2. Experimental Section

Data for the current study were obtained for secondary analysis from a primary study: the Hunter Illawarra Kids Challenge Using Parent Support (HIKCUPS) randomized controlled trial. Overweight and obese children aged 5 to10 years were recruited between 2005–2006 and followed up for a period of 24 months from baseline. The children were from predominantly middle-class families with English-speaking backgrounds. The original purpose of this study was to determine the efficacy of three different weight loss interventions in overweight children. Detailed methods for the study and outcomes are described elsewhere [21,22,23,24,25]. Data were collected at up to four time points (baseline, 6-, 12-, and 24-month follow-up). The current analyses included those children with complete blood, dietary and anthropometric data sets at individual time points for children aged seven years or older at the time of the first measurement, reflecting the minimum age of the reference values used [18]. This included 285 observations on 136 individuals, comprised of 112 baselines measures with 79, 57 and 37 measures respectively from the remaining time points. This provides data from children at a wider range of ages and with changing weight status. Written informed consent was obtained from the parents, the trial was registered with the U.S. National Center for Clinical Trials (00107692) and approval was obtained from the human research ethics committees of the University of Newcastle and University of Wollongong.

2.1. Anthropometry and Serum Sampling

Participants were weighed in light clothing to the nearest 0.1 kg using Tanita HD646 scales (Tanita Corporation, Chicago, IL, USA). Height was measured to the nearest 0.1 cm using PE87 portable stadiometers (Mentone Educational Center, Victoria, Australia). Waist circumference (WC) was measured at the midpoint between the lower costal border and the iliac crest [26]. Blood pressure was measured using an automated monitor (Critikon, Tampa, FL, USA) under standardized conditions. Blood samples were collected for glucose, insulin and blood lipid concentrations from the children after an overnight fast by trained phlebotomists and analyzed at a single accredited pathology service (National Association of Testing Authorities, Newcastle, Australia).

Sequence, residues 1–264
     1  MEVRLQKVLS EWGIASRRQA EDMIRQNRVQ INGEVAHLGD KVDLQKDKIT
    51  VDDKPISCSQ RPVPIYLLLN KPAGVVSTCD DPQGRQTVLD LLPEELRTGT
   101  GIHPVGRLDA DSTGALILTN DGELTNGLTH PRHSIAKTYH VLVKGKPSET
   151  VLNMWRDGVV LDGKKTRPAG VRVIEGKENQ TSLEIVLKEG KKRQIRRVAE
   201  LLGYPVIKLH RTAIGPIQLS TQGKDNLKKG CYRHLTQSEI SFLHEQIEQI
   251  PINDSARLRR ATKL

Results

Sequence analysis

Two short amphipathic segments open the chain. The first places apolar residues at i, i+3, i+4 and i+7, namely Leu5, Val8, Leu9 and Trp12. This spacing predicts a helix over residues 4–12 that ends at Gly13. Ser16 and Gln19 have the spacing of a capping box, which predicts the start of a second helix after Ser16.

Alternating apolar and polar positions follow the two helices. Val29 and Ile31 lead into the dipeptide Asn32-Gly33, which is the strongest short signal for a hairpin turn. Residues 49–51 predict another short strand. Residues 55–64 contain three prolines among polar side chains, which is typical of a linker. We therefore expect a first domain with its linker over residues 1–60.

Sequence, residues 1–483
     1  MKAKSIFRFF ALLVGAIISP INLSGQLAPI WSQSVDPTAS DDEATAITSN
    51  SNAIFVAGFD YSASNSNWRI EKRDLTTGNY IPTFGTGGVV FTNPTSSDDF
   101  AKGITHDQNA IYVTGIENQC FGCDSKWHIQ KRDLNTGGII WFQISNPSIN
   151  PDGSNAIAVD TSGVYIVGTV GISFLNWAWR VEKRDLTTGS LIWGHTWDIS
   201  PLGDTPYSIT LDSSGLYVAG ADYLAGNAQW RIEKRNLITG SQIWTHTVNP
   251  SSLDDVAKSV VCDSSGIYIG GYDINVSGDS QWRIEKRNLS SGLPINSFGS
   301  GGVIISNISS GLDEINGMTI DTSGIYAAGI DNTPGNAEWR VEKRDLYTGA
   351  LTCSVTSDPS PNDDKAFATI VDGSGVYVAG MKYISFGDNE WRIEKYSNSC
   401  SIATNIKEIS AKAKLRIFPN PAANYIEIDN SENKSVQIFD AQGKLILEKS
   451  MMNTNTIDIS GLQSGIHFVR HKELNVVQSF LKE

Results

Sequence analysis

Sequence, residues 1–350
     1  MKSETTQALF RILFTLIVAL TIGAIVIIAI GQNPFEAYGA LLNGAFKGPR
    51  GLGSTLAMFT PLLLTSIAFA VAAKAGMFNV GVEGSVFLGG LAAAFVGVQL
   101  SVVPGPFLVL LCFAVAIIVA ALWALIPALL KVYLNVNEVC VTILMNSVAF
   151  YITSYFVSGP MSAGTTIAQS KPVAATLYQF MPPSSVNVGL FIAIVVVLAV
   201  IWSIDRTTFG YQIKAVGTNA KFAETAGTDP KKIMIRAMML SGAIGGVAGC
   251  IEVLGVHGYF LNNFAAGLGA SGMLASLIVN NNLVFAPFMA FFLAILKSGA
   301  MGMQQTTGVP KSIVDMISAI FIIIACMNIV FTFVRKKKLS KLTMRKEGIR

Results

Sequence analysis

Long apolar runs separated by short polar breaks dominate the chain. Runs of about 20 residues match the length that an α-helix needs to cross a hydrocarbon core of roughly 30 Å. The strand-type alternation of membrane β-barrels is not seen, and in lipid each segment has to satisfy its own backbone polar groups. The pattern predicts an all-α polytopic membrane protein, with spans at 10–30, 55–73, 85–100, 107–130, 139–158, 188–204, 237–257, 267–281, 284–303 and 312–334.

2.2. HIKCUPS CVD Risk Score

BMI, WC, systolic blood pressure (SBP), diastolic blood pressure (DBP), serum HDL, LDL and total cholesterol, serum triglycerides, serum fasting glucose and serum fasting insulin were used to develop a multifactor CVD risk score based on the premise that elevated childhood values for these individual measures have been shown to predict later CVD in adulthood [27,28,29]. Values greater than or equal to the top tenth percentile of normal reference ranges were used to identify those at the greatest risk and to identify risk score cut-points. This is in a manner comparable to those used in the International Diabetes Federation (IDF) definition of pediatric metabolic syndrome [30] and the National Heart, Lung and Blood Institute [31] for identification of elevated plasma lipids, with a scoring similar to that used by Bergmann et al. [32] to identify individuals at higher odds of CVD risk factors. BMI reference values were from the US Centers for Disease Control and Prevention age and sex specific growth charts [33] and those for all other measures were developed from a healthy population by Mellerio et al. [18], although in that study WC was measured at the umbilicus. The 90th, 95th and 97.5th percentile values for each measure for children aged 7–11 years are provided in Table 1.
Table 1. Percentiles of clinical and biochemical cardiovascular disease (CVD) risk score factors by age and sex.
Table 1. Percentiles of clinical and biochemical cardiovascular disease (CVD) risk score factors by age and sex.
Age7 Years8 Years9 Years10 Years11 Years
Percentile909597.5909597.5909597.5909597.5909597.5
Boys
BMI *17.718.819.518.319.720.920.422.323.120.12223.121.72325
WC61.463.665.563.76668.16668.570.868.471.173.670.973.776.4
Systolic BP114118122116120124118123127121125129124128132
Diastolic BP707375717476717477727578737679
F. glucose4.8755.114.965.095.215.045.175.35.115.245.375.165.35.42
Insulin5.997.058.097.168.459.738.471011.69.8811.813.611.313.515.7
Total chol5.55.846.155.525.856.155.535.856.145.515.836.115.475.786.06
LDL3.794.074.333.754.034.293.73.994.243.663.944.23.623.94.15
HDL1.942.072.191.952.082.21.952.082.21.942.072.181.912.032.15
Triglycerides0.720.810.910.80.911.030.871.011.150.941.11.271.011.191.38
Girls
BMI17.819.22018.919.921.620.122.924.32123.223.822.424.727
WC61.263.66663.966.669.266.569.472.268.9727571.174.477.6
Systolic BP112116120115118122117121124119123127121125129
Diastolic BP707375717476717477727578737679
F. glucose4.814.975.114.885.045.184.965.115.245.035.175.35.085.225.34
Insulin7.599.1810.88.5510.2129.6711.513.411.113.115.21315.317.7
Total chol.5.776.156.55.676.056.395.585.956.295.515.876.25.455.86.13
LDL4.14.474.823.984.344.693.884.234.563.784.134.463.714.054.37
HDL1.781.92.021.821.942.061.821.952.071.821.942.061.81.932.04
Triglycerides0.840.951.070.921.061.191.001.151.291.071.231.381.131.31.47
Percentile1052.51052.51052.51052.51052.5